Emu Systems Modular (2003)

Upper Row of Modules in 2003

Overview This is the first analog synthesizer I built (after 1974) and was a replica of the original E-mu Systems Modular synthesizer that was manufactured in California by E-mu Systems from 1972 to 1980. Over 125 originals were built, and the last model was given to Scott Wedge when he left E-mu Systems in 1993 – he still has it. The E-mu Systems modules were updated with new circuit ideas during their life time, and Dave Rossum exploited SSM chips in many of the later module revisions from 1976 onwards. Some of the circuits are unique designs, not available from any other manufacturer. For example the Resonant Filter and the Universal Active Filter (an improvement over the ARP 1047 filter in the ARP2500 Modular).


My workshop space in 2003

Why Build a Clone? The idea of attempting to build a E-mu Systems Modular clone really took hold when I was in a motel in Scotts Valley in February 2002. I had just visited E-mu Systems, and met up with Scott Wedge and fired up his mint Modular. I was very impressed with the build quality and magic sound, and whilst buying one was not an option in terms of availability and cost, building one was a vague possibility. A few days later I met up with Riley and Ed at E-mu Systems and realised that they might have some schematics, as they were both into Eu Modulars. I didn’t manage to get any details whilst in the USA, but a few months later when back in the UK both Riley and Ed shared some schematics with me over the Internet. In October 2003 I bought a set of additional Modular schematics from Martin Newcombe (remember the UK Synthesizer Museum?).


The Challenge  Cloning a set of 25 year old analog circuits is NOT easy, even if they were designed by a genius like Dave Rossum. The first stage was to get the schematics onto paper and touch them up so they could be read. The next step was to see what kinds of transistors and IC’s were used, and try and locate them. Whilst there are some easy 2N5828′s and 2N4250′s, there are also rare SSM chips and ultra rare dual matched transistors.

Most of the Op Amps are still around, like the trusty 741 used in control paths, whilst the obsolete 556 can be substituted for. It was soon clear that I would need to replicate the circuits exactly and only once a module was working could I move onto substitution with modern parts. That meant a six month trawl of the Internet looking for rare components…and piece by piece I have managed to acquire every rare part in sufficient numbers to build a large modular!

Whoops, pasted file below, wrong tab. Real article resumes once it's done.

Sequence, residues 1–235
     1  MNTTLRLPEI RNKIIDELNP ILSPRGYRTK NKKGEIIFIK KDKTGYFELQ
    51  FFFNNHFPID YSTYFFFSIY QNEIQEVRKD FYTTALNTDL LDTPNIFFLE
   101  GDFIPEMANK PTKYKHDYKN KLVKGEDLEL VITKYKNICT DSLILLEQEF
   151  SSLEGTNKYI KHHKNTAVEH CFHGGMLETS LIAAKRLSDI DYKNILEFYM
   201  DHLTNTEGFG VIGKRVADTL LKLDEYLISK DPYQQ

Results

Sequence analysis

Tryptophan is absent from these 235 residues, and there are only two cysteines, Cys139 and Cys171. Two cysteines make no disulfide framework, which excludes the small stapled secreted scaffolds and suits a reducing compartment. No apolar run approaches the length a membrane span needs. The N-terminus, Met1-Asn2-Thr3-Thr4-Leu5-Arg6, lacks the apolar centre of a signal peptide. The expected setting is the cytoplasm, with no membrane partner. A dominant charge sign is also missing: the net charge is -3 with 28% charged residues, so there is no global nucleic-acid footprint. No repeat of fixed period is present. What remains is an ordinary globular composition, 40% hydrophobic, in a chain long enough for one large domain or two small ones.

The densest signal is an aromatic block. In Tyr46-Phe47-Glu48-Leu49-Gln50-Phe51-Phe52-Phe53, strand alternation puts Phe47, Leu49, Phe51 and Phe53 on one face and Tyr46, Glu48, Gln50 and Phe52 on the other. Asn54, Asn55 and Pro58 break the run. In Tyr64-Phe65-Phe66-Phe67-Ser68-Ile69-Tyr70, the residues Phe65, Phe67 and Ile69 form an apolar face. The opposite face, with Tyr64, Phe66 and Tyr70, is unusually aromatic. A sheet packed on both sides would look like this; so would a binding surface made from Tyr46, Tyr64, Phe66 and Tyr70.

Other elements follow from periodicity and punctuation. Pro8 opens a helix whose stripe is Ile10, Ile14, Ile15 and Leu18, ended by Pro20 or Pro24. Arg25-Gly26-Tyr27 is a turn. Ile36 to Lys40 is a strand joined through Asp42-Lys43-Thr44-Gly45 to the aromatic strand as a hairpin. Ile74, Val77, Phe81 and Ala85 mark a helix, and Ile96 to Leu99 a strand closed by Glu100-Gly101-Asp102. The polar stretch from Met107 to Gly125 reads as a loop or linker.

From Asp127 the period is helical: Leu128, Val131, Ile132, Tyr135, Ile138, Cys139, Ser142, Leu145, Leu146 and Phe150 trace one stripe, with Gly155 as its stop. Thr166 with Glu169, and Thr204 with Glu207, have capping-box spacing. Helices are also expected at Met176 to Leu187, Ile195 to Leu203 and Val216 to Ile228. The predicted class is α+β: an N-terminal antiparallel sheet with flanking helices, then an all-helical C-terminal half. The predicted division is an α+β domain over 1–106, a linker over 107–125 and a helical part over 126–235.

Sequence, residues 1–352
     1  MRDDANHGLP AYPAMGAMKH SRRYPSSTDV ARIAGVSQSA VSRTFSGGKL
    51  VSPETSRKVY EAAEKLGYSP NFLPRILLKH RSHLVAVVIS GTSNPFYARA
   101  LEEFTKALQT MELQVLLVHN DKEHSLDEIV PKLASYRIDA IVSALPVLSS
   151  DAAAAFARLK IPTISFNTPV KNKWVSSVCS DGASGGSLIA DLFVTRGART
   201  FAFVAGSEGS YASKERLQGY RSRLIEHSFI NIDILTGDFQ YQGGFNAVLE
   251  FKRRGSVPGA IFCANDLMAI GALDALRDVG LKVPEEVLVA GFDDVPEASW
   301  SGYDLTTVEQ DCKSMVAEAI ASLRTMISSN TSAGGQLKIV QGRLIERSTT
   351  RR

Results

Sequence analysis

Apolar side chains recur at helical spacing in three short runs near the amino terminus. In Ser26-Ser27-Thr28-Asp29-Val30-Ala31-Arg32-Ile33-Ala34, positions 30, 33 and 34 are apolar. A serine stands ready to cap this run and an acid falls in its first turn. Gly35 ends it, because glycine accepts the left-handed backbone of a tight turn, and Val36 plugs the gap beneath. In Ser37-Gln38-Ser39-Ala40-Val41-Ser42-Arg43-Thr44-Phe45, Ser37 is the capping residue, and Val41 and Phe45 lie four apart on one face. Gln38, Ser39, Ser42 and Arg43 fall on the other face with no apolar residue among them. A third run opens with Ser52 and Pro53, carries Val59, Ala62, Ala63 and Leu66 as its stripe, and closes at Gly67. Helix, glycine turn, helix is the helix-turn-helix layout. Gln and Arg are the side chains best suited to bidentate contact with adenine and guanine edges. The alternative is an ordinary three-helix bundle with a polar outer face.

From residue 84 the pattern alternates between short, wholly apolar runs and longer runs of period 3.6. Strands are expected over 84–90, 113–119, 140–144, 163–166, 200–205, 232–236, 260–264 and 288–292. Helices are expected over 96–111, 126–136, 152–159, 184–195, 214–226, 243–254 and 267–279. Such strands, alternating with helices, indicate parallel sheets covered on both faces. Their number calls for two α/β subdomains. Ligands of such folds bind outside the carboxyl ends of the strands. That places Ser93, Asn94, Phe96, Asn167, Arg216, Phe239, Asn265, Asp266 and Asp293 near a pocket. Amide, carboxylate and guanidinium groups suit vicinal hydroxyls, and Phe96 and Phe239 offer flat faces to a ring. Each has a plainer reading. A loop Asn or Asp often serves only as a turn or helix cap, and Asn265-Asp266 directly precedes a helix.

Design Confident that I could at least find the necessary electronics, I could now plan the physical format. The original physical design was based on high quality electronics and mechanics, and I set the same objectives albeit with some compromises and changes: The original modules were 6″ high and 3″, 6 or 12″ wide. I am using a height of 4U  and a width of 90 and 135mm. This provides more space for the panel layout and enables the modules to be rack mounted. The aluminium front panel designs stick closely to the original, but with some tidying up of layout and the omission of the blue painted surround. Black lettering is etched into the 3mm thick panels (the originals were 1/8″). Two cabinets built in MDF and painted blue. Each cabinet can hold up to 10 modules within a 19″ racking system.  The separate sub-module and module concept of the original has been ditched in favour of one circuit board. An Oakley MIDI interface has been added, so the beast can be controlled via a keyboard.

Outcome  The synthesizer was a great re-introduction into designing and building electronics, and it worked well, even if rather non-standard in panel size and jacks! With limited room in my studio in 2013 it meant that it had to move on and I sold it  to a close friend of mine, here it is in his studio in 2017. Since 2003 I have built a number of Emu Modular modules in the original form factor and a small number of these go on sale in our web store from time to time.,

Copyright AMSynths 2017